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The Federal Aviation Administration is proposing to fine a Chicago based drone operator 1.9 million dollars for repeatedly violating FAA regulations and flying in restricted airspace. The FAA charges the company, SkyPan International, conducted 65 flights in the skies over Chicago and New York, some of the nations most restricted and congested airspace. Fourty-three of the flights took place over New York, without clearance from air traffic controllers.

You've heard it a million times; the hours we spend sitting in front of our computers, sitting in front of the TV and sitting just about everywhere else are adding up. We are sitting ourselves to death.

So it came as welcome news when we read last week that just 10 minutes – 10 minutes! — of walking after sitting for a long period of time can restore the damage to our vascular system.

It's hard to deny that the NRA has won the gun debate over the last 20 years.

Despite mass shootings — and despite some 80 to 90 percent of Americans saying they are in favor of background checks — no legislation expanding on the 1993 Brady Bill has passed Congress.

What's going on? Well, the debate over guns is hardly ever solely about background checks or other seemingly popular measures intended to curb gun violence.

The Federal Aviation Administration is proposing a $1.9 million fine against an aerial photography company the agency says took 65 unauthorized flights using drones.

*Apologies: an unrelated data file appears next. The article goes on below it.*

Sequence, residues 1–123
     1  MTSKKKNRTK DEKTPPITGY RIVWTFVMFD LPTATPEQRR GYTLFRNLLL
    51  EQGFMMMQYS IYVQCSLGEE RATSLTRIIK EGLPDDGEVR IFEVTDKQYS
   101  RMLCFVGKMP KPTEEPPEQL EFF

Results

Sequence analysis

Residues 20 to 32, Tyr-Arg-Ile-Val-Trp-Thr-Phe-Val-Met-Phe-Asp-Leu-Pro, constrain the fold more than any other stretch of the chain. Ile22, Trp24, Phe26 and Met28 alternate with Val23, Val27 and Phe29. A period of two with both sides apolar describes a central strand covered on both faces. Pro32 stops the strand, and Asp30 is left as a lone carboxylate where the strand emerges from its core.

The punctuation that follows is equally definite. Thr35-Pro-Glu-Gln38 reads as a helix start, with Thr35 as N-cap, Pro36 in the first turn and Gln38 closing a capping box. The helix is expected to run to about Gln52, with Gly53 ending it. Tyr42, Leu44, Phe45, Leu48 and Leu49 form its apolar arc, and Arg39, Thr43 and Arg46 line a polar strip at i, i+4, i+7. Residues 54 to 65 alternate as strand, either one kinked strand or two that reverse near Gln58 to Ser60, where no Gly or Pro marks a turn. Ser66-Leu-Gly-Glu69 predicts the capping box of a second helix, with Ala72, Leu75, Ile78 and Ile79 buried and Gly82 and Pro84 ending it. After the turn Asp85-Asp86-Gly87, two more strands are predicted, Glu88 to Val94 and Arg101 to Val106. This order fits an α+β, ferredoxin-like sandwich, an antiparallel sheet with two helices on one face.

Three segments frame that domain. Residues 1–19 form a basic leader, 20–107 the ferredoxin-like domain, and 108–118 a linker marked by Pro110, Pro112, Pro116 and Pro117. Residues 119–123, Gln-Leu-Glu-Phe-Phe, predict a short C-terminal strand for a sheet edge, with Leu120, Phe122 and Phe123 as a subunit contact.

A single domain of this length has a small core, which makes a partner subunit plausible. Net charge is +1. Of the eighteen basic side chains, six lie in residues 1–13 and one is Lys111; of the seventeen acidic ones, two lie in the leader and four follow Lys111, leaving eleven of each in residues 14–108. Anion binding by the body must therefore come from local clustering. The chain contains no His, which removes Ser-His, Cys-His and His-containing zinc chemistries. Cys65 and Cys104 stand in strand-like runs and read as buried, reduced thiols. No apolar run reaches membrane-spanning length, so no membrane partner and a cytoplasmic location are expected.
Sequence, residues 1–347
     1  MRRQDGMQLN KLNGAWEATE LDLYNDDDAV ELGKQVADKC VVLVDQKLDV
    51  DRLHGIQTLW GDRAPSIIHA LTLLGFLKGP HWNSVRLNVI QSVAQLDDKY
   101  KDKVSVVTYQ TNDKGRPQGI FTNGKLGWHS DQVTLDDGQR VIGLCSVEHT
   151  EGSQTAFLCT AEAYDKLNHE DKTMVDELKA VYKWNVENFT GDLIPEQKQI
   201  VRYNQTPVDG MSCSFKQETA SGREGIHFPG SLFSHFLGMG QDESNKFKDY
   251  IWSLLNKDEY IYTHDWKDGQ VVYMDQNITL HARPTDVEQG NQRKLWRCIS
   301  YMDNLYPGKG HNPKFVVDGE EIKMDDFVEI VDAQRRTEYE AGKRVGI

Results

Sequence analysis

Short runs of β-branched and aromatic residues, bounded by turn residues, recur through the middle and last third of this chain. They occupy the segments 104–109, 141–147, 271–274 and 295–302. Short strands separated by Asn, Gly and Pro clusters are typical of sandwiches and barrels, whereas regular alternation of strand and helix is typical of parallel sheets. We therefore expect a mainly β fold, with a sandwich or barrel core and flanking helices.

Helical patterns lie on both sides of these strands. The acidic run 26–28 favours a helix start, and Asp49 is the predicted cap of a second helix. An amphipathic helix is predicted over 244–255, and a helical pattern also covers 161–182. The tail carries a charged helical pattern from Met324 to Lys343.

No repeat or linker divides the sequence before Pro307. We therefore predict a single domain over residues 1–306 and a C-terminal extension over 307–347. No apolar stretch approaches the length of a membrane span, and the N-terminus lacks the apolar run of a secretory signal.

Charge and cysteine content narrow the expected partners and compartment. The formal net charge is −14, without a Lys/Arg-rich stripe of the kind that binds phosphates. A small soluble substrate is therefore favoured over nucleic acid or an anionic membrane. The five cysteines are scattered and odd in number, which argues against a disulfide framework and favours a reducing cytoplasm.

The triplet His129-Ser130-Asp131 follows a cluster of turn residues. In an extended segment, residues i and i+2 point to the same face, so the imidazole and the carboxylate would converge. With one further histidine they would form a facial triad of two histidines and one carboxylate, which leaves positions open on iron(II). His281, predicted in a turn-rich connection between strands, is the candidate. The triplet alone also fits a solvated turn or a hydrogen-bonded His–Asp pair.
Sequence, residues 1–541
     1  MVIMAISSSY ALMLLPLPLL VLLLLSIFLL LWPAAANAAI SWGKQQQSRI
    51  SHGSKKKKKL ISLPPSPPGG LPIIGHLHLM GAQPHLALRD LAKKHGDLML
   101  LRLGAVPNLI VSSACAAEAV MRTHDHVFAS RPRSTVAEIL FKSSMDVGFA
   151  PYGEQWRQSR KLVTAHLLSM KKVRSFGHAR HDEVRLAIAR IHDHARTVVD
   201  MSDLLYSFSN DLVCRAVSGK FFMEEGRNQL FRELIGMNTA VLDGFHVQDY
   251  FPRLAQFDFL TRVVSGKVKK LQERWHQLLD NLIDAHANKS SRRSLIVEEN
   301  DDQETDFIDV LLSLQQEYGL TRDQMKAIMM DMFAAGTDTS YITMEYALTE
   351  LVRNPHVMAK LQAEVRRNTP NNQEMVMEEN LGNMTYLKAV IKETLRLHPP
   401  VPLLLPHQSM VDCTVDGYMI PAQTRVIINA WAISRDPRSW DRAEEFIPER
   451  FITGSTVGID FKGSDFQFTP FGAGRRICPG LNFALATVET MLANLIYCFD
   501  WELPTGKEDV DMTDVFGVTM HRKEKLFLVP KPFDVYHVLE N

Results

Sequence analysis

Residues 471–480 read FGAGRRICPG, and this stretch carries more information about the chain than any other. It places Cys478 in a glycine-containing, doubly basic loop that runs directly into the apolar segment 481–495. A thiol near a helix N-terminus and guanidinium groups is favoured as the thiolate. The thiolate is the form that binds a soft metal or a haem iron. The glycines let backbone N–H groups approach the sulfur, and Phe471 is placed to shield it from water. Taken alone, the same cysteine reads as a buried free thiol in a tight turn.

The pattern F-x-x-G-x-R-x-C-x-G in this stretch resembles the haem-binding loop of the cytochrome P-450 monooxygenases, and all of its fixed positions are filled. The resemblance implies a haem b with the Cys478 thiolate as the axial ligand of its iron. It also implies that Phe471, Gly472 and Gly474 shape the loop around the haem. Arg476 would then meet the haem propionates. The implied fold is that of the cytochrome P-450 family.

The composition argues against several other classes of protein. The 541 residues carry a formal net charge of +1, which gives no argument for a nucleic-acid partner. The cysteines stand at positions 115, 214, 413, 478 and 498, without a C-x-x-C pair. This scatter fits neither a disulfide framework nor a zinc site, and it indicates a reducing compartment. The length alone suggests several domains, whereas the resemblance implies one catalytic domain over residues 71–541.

"Flying unmanned aircraft in violation of the Federal Aviation Regulations is illegal and can be dangerous," FAA Administrator Michael Huerta said in statement. "We have the safest airspace in the world, and everyone who uses it must understand and observe our comprehensive set of rules and regulations."

Two leading fantasy sports companies are promising to protect "the integrity of the games" they offer customers, after questions emerged over whether their employees use proprietary information to win thousands of dollars.

The two companies, Draft Kings and FanDuel, released a joint statement this week saying they "have strong policies in place to ensure that employees do not misuse any information at their disposal and strictly limit access to company data to only those employees who require it to do their jobs."

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"This is unacceptable." That's what NATO Secretary-General Jens Stoltenberg had to say about Russian military aircraft violating Turkey's airspace twice this weekend. Stoltenberg also has said he doubts Russia's explanation that it was an accident.

At issue most recently is the Turkish military's allegation that on Sunday, "a MiG-29 plane of unidentified nationality for five minutes and 40 seconds kept two Turkish F-16 planes on its radar as potential targets," reports the Russian news agency Tass.

What it feels like to have Parkinson’s disease

3 hours ago

In 1985, science journalist Jon Palfreman investigated a group of drug addicts who were struck with Parkinson’s-like symptoms after taking tainted heroin.

Thirty years later, Palfreman was diagnosed with Parkinson’s disease himself. His book, "Brain Storms," describes his journey with the disease and new treatments for patients. 

The EPA failed to follow its own rules for ensuring chemical safety and illegally approved a powerful insecticide linked to declining numbers of honeybees, a federal appeals court has ruled.

A new map may help scientists figure out how Earth’s inner core formed

3 hours ago

Right after the Big Bang, giant showers of neutrinos were spewed across the universe. These subatomic particles, produced by the decay of radioactive elements, are the focus of intense research by scientists in laboratories around the world. They are hoping these phantoms of physics could unlock mysteries about dark matter and about how the universe was formed.